The River by Jennifer Ellis is a short story about time travel. The 55-page short story published in 2015 has four chapters each with a year for the chapter title. We see the story first placed in 2012, then back to 1990, 1995, and 2003. I liked the dedication statement prior to Chapter One: “ For everyone who has made a mistake…” With that qualification, we may have a short story for everyone.
Paul and Sarah were training partners as runners and contestants in an Ironman competition. There was nothing further going on between them as far as a romantic relationship primarily because Sarah was consumed by a mistake she had made in the past. Her obsession with it and her dedication to ultra-sport training left no room for relationships. Paul, a physicist, part-time inventor, and in training also had no time to spare for a relationship, although he was not averse to making time for one. Sarah had never revealed her secret past to Paul. But Paul revealed his secret to Sarah. He had invented a hand-held time machine. Paul had even tested it in near-time travel as he moved backward and forward on the same day.
Sarah instantly grasped the implication for her own life and past events. She could correct past mistakes. At the same time, she didn’t want to enlist the aid of Paul; she didn’t want him to know her secrets. She had to obtain use of the time machine. A little seduction and outright theft of the machine seemed to work. Tried and true methods are the best. She had the machine, now she had to disappear, otherwise, there would be those a need for those annoying explanations to Paul. Las Vegas looked good. With a time machine, she could build up a solid financial cushion needed for correction of past errors. Who could know that Paul would build a second device and follow her to Las Vegas?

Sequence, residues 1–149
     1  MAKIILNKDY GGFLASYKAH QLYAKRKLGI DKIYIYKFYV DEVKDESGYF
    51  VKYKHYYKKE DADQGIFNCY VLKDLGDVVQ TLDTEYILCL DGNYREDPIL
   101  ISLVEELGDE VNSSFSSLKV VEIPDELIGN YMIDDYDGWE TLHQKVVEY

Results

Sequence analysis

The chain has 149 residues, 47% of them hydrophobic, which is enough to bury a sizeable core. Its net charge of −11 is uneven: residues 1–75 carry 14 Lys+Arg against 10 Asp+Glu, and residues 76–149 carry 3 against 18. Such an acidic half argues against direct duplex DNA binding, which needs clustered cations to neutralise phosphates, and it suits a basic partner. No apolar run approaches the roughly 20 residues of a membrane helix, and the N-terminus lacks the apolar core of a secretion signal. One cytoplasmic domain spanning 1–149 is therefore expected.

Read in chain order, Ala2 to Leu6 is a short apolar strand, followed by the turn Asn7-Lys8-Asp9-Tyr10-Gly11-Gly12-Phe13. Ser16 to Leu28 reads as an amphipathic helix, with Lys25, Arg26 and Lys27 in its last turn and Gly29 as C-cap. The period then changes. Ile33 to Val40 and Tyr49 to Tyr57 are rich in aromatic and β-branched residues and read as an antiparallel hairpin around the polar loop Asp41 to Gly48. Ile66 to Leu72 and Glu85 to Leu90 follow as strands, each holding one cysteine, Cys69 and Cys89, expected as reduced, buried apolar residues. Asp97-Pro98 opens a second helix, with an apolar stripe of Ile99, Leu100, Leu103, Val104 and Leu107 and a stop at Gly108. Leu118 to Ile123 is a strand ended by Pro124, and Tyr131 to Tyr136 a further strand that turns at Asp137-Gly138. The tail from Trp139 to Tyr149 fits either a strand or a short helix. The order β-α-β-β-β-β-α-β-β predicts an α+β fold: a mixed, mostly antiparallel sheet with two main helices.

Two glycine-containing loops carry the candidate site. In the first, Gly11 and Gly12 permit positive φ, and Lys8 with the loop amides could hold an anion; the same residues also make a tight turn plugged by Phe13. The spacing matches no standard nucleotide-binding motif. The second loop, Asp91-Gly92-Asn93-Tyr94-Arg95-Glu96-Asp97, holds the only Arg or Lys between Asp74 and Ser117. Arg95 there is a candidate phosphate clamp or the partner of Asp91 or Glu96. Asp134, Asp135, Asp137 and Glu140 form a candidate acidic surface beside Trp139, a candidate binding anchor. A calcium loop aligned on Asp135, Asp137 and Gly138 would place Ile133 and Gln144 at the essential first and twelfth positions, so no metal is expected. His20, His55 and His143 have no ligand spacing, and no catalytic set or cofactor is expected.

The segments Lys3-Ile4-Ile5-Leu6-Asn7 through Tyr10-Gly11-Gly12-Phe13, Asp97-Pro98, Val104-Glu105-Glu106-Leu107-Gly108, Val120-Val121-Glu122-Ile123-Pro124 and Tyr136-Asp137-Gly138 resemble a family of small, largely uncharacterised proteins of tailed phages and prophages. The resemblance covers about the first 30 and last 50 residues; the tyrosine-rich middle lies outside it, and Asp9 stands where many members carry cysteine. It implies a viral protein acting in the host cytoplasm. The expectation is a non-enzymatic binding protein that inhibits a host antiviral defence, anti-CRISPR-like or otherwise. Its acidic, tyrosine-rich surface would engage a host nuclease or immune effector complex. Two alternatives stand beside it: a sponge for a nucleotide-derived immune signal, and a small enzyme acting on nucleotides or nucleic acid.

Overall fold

Paul was following her to get the initial device back. He warned Sarah that she was risking possible harm to herself and those around her, a harm that was greater than the electrical blackouts that occurred every time Sarah shifted time. Finally, Paul made the ultimate threat. If Sarah did not stop, Paul would go back in time before his creation of the device and not invent it. Sarah took the challenge and immediately went back in time to one day before the death of her sister, Charlotte, a death Sarah was responsible for. She would go back, alter timelines, and prevent the deaths of Charlotte and, a few years later, the murder of her mother.
Arriving back in her thirteen-year-old body, she retained the knowledge and experiences of her thirty-three-year-old self. She didn’t have the time machine with her because it had not yet been created. While she was able to save Charlotte from the accident for which she, Sarah, was blamed, that didn’t mean life was perfect. Without the time machine, Sarah had no choice but to relive her life from the age of thirteen forward. She would protect her mother. She would go to university and study medicine. She would look for Paul. She knew he would eventually invent a time machine.
Sarah found Paul. That is when this story gets even more interesting. Both Paul and Sarah have partial memories of other times. Their discussions about what to do next will keep the reader engrossed with the problems of time travel. Neither Paul nor Sarah have a solid point of reference in time. That idea by itself should attract a reader to this story.
The story is suitable for all ages. There is the violence of a domestic dispute but it is not graphic. No graphic or offensive sex; there is more romance than sex. And that is a refreshing good thing.